where **|v|** and **|v _{i}|** are the absolute or positive values. Thus,

**(v − v**has a positive value.

_{i})### Time to reach maximum displacement

At the maximum displacement, **v =** 0 and the time equation becomes:

t_{m}= −v_{i}/g

where **t _{m}** is the time to reach the maximum displacement.

Note: Since the initial velocity is negative,−vis a positive number._{i}

### On the way down

On the way down, **v >** 0 and **v < |v _{i}|**. Thus,

**(v − v**has a positive value.

_{i})### Example of times to reach various velocities

If **v _{i}** = −128 ft/s, find

**t**for various velocities.

#### Solution

Since **v _{i}** is in ft/s, you use

**g**= 32 ft/s

^{2}. Substitute values for

**v**and

_{i}**g**into the equation:

t = (v − v_{i})/g

t =[(vft/s) − (−128 ft/s)]/(32 ft/s^{2})

Cancelling out units results in the formula:

t =(v+ 128)/32 s

Substitute different values for **v** to get the various elapsed times:

v= −128 ft/st= 0 sStarting off at initial velocity v= −64 ft/st= 2 sMoving upward v= 0 ft/st= 4 s_{m}At maximum displacement v= 32 ft/st= 5 sMoving downward v= 128 ft/st= 8 sDownward at starting point v= 160 ft/st= 9 sBelow starting point

Times for various velocities of object projected upward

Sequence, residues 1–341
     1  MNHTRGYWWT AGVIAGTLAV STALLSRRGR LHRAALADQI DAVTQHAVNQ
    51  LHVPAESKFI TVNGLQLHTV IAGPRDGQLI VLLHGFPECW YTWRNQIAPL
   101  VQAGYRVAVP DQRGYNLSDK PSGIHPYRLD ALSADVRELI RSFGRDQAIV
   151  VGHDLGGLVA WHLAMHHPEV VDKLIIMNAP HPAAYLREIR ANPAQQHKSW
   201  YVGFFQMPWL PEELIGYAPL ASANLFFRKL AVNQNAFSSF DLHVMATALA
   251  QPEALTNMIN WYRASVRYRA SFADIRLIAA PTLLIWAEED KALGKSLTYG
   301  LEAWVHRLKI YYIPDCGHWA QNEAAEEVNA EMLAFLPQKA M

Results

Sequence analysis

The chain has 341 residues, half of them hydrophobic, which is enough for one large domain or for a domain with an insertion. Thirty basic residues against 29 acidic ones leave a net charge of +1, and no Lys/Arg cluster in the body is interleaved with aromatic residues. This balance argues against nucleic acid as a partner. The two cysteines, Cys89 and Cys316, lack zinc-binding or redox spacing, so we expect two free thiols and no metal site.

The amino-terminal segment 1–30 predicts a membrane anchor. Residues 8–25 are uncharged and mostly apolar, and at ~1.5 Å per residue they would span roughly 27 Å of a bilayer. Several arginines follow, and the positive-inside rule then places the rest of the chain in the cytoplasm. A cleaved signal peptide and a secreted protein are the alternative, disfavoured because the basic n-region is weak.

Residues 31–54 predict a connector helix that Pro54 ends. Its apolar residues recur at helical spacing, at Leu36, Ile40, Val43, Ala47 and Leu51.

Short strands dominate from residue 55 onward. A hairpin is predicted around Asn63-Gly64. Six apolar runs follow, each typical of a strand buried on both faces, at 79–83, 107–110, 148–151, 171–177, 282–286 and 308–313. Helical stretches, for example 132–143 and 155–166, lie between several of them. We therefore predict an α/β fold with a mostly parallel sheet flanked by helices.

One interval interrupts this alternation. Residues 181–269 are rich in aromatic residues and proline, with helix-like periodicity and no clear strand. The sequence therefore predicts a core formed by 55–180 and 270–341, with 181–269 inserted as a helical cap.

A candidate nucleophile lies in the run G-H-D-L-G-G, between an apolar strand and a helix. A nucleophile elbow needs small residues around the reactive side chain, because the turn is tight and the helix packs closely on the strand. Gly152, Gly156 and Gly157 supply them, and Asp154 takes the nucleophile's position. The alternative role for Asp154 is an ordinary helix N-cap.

## Time for displacements moving upward

The general gravity equation for elapsed time with respect to displacement is:

t = [ −v_{i }± √(v_{i}^{2}+ 2gy) ]/g

where

**±**means plus or minus**√(v**is the square root of the quantity_{i}^{2}+ 2gy)**(v**_{i}^{2}+ 2yg)**y**is the vertical displacement in meters or feet

(

See Derivation of Displacement-Time Gravity Equations for more information.)

For an object projected upward, **−v _{i}** is a positive number. In order for the object to start at

**t =**0 when

**y =**0, the equation for the time it takes an object to move upward toward the maximum displacement is the negative (−) version:

t = [−v_{i}− √(v_{i}^{2 }+ 2gy)]/g

### Time to reach maximum displacement

The equation for the time to reach maximum displacement with respect to the initial velocity has already been stated:

t_{m}= −v_{i}/g